Jonathan Church (London, The Federal Trust): "Everyone but a fool (or a minister) knows that the new treaty is the rejected 2005 constitution in all but name" wrote Simon Jenkins in Wednesday's Guardian, referring to well-publicised comments made by Valerie Giscard d'Estaing and Angela Merkel to support this assertion. Brown's case is ignored, presumably on the grounds that somebody like Mr Brown would not be an objective judge of the two treaties. But Jenkins is happy to gloss over the fact that d'Estaing and Merkel also have their pre-existing interests in the debate: one being the Constitution's proud "architect", the other heading a country thoroughly at ease with the original document. The ruling of the Dutch government's independent legal panel, the Council of State, that the two Treaties were "substantially different" is, a cynic might say, no less a product of national political pressures.
None of these interpretations are, or can be, "correct" as such: because there is an inherent ambiguity in the Treaties' provisions (as one would expect when 27 member states, each with differing national political discourses and agendas, come to an agreement) and their effects will depend on those who put them into practice. The attempt to precisely quantify the similarity between the two Treaties is an argument neither side can objectively win, not least because different provisions hold different significance to different people (and some in fact apply differently to different countries).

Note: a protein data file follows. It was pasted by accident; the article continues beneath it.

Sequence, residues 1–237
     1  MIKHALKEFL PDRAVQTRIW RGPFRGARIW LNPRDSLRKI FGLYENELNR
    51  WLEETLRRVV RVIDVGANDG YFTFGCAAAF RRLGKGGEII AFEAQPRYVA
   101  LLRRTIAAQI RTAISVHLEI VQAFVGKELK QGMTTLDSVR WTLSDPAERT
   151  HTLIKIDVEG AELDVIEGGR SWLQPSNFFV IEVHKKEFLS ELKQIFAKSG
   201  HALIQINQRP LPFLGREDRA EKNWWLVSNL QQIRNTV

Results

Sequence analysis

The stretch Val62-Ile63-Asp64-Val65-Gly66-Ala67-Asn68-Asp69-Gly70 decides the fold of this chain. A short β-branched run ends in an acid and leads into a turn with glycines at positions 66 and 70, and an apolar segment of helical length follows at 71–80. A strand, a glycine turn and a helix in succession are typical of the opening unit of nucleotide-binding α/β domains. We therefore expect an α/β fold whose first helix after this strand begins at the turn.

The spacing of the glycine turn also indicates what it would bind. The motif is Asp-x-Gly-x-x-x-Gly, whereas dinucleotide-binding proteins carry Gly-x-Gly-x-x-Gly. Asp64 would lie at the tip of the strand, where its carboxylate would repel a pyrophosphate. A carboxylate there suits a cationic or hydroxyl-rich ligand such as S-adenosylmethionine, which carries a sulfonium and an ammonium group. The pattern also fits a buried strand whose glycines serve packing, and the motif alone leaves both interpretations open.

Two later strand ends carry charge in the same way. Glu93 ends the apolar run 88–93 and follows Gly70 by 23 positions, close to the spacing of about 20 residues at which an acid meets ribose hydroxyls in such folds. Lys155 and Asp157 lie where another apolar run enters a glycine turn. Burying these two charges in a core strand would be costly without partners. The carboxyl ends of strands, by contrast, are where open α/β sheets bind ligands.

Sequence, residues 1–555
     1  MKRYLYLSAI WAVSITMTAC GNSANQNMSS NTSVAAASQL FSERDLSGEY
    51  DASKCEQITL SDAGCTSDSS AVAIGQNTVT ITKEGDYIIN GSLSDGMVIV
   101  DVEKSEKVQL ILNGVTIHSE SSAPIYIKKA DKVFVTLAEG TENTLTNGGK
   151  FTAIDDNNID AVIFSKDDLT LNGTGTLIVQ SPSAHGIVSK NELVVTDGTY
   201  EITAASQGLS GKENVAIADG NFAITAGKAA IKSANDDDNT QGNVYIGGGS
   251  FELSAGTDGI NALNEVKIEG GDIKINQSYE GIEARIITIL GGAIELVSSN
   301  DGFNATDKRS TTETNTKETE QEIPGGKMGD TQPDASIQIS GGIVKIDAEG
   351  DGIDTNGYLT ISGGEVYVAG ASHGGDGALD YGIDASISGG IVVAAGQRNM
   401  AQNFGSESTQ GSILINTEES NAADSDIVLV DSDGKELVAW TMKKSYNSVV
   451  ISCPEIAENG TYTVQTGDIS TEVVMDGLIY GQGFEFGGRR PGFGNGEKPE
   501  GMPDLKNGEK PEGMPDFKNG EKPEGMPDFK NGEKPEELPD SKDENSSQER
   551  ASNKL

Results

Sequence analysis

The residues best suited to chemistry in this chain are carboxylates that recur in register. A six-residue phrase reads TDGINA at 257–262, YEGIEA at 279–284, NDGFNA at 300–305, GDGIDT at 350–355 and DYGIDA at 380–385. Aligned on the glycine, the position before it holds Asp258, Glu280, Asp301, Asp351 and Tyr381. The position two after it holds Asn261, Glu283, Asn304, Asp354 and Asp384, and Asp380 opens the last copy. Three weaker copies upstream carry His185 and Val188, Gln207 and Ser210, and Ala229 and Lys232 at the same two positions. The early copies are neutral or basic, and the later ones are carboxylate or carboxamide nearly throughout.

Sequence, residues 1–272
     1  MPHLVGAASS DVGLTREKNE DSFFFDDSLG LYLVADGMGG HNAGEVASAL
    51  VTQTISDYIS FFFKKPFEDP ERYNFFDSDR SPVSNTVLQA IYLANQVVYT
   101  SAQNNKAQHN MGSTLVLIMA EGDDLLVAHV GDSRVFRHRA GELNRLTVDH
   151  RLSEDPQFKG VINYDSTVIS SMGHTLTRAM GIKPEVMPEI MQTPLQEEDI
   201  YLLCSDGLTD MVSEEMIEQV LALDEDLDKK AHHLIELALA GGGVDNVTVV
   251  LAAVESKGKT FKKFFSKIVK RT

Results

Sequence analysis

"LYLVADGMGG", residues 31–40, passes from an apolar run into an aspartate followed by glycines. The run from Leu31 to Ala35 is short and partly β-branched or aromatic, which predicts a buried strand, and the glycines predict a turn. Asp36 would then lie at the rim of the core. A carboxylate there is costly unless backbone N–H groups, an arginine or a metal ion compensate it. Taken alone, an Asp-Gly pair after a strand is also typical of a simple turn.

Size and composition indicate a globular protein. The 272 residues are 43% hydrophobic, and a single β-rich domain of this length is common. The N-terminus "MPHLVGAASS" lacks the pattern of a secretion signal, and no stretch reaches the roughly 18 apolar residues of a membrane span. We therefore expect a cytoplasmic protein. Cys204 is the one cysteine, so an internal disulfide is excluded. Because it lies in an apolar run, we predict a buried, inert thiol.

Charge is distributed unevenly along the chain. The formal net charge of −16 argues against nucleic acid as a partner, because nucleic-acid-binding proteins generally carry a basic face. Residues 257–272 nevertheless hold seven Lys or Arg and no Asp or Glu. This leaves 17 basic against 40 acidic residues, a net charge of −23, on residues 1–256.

The bluntness with which Mr Jenkins and others judge that the Lisbon Treaty is the Constitution "in all but name" suggests that a referendum could never be fought on the complexities of the text itself. If leading commentators are content to brush over the ins-and-outs of countless Articles and Protocols, and to make grand pronouncements without weighing up specific changes according to particular criteria, it is not patronising - only realistic - to doubt whether a good portion of the electorate would be any more inclined to take out the fine tooth comb.
A similar analysis applies to the kind of question that could well become central in any referendum on the Lisbon Treaty - "Do we want a federal super-state, or don't we?". It is an impossibly simple question entirely without definition, but packed full of negative connotations. Applied to the Lisbon Treaty, this incoherent term of condemnation would be a powerful but dishonest rhetorical device for those arguing for the Treaty's rejection. A referendum fought along such lines would not be "trusting the people" to analyse the Treaty themselves; it would be a method of projecting a more general unease onto a very particular question.
Proponents of the Lisbon Treaty have been accused of favouring integration "by stealth". Yet it would be no less reprehensible to bring about detachment from the Union 'by stealth', through a referendum supposedly about the Lisbon Treaty, the rejection of which would, by any rational analysis, critically threaten the UK's full membership of the EU.
I for one think the government should trust the electorate enough to pose the question which distorts all debates about the European Union, and which we are in desperate need of answering: is our future in the European Union or not? The government should trust itself to make the case positively, rather than deferring to Eurosceptic "clamour": the only cause, Jack Straw has admitted, of the promise to hold a referendum on the Constitutional Treaty in the first place. In the meantime, there will be a great deal of political heat generated over the coming weeks, but there will, rightly, be no referendum on the Lisbon Treaty. Any fool can see that.